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Discrete Math/Combinatorics Question

  • Thread starter Rockoz
  • Start date
  • #1
29
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Homework Statement


This question has two parts:

a) How many integers are there between 100 and 1,000,000 with the property that the sum of their digits is equal to 6?

b) How many integers are there between 100 and 1,000,000 with the property that the sum of their digits is less than 6?


Homework Equations


Theorem: The number of solutions in nonnegative integers of the equation
x1 + x2 + . . . + xn = k

is C(n+k-1,k) where C is for combination.


The Attempt at a Solution



part a) Here is how I tried to look at the problem. For integers between 100 and 1,000,000 we have integers of the form x1x2x3x4x5x6x7 where x1 + x2 + x3 + x4 + x5 + x6 + x7 = 6.
We must have x1 (the first digit) be equal to zero since we are between 100 an 1,000,000 and the case where x1= 1 wouldn't matter to us anyways. The other digits can be from 0 through 9. So we are left with x2+x3+x4+x5+x6+x7 = 6. The <=9 part doesn't matter here since the highest any of these xi's can be is 6. We solve for the number of solutions to this equation to get the number of integers. Using the theorem above I solve this as C(6+6-1,6) = C(11,6).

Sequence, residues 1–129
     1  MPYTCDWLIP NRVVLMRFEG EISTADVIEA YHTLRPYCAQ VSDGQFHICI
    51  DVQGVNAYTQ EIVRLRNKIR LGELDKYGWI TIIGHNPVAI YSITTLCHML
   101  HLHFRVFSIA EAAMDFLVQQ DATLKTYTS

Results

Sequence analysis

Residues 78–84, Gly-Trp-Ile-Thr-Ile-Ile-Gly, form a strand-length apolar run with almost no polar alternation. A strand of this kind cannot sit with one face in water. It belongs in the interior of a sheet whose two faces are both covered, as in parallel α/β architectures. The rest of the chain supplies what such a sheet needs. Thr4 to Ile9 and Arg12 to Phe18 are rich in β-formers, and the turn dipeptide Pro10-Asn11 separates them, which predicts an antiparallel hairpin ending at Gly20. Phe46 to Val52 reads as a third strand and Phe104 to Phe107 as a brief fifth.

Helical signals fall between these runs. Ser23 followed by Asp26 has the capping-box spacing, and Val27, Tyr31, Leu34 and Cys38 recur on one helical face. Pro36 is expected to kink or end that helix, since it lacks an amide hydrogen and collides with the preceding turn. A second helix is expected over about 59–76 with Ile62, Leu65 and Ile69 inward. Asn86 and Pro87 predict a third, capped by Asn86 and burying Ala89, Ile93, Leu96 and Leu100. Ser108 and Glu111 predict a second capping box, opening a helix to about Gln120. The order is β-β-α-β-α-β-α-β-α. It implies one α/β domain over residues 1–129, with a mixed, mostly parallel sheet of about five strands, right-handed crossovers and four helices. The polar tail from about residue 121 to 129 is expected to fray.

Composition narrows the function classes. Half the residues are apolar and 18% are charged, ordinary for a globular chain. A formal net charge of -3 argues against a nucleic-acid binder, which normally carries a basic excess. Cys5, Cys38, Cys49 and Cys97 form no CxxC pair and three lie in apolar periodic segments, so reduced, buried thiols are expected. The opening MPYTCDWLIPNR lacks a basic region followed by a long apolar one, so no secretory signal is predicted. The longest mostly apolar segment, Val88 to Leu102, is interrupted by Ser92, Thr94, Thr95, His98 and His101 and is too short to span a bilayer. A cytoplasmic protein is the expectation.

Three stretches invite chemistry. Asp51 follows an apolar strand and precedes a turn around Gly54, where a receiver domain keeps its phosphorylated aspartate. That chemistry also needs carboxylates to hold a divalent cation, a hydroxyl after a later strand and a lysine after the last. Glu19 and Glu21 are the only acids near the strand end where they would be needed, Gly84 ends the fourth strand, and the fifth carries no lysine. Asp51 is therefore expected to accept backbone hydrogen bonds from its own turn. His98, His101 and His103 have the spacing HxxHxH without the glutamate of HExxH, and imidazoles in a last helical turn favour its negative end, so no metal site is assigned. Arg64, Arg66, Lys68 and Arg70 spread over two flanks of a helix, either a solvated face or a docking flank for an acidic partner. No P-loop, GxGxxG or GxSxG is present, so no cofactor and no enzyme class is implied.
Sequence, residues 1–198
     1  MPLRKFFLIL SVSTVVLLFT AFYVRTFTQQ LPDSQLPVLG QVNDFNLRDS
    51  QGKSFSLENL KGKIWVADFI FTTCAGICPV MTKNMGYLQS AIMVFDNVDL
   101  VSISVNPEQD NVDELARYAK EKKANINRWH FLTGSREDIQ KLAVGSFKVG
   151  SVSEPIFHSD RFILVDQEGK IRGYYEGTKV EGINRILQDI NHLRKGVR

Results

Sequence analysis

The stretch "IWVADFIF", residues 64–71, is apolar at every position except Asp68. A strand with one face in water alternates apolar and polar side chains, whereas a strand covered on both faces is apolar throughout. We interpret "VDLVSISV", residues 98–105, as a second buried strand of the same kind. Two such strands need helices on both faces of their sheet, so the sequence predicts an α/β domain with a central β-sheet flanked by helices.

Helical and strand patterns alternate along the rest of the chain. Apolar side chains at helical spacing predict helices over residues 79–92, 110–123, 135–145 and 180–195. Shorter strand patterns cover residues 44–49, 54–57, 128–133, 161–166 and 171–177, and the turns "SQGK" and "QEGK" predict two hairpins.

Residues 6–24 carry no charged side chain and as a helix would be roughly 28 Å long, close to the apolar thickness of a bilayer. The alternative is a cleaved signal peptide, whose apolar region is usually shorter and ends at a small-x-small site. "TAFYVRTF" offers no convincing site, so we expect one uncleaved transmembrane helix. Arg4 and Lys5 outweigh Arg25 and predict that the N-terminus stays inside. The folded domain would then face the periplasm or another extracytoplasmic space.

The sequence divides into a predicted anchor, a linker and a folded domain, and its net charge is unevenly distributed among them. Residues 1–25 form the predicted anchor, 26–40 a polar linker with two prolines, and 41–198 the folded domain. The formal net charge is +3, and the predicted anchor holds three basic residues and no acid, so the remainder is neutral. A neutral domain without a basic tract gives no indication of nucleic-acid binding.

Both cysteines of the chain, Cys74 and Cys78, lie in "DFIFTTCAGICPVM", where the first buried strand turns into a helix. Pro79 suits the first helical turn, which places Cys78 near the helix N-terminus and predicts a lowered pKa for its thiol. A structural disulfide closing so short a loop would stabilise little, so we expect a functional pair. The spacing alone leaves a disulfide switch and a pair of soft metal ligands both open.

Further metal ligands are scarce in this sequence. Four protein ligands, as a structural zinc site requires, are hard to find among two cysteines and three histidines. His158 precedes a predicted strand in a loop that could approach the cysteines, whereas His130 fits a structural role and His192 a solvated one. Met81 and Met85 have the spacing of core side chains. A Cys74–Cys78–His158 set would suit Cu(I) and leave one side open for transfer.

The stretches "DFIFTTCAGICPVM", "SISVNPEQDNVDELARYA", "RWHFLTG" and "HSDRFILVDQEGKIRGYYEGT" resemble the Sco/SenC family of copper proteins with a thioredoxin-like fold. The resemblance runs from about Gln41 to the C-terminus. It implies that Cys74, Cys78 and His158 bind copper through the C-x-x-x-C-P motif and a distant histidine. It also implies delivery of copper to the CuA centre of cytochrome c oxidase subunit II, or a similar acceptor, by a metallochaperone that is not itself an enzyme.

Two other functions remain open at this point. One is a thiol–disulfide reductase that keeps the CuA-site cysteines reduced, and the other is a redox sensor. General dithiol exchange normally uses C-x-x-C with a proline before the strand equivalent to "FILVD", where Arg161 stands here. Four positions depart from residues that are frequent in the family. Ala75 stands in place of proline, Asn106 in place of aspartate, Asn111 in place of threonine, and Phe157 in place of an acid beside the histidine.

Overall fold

But I believe this is actually the answer for integers from 1-1,000,000 and so I have overcounted (I am including integers like 0000006). So I think what I can do here is subtract the integers from 1-100 whose digits add up to 6. For this we have integers of the form y1y2y3 where y1 = 0 and y2 and y3 can be 0 through 9. We have y2 + y3 = 6. Using the theorem above I have C(2 + 6 - 1,6) = C(7,6) integers.

So I think the answer for part a is C(11,6) - C(7,6) = 455

part b) I don't know how to approach this because of the less than part. Would I have to take this into cases (equal to 1,2,3,4,5) and then add these?

Thank you very much for your time.
 

Answers and Replies

  • #2
881
40
The approach to part (a) seems correct :approve:

For the second one you need to use the same approach adding all the 5 cases.
 

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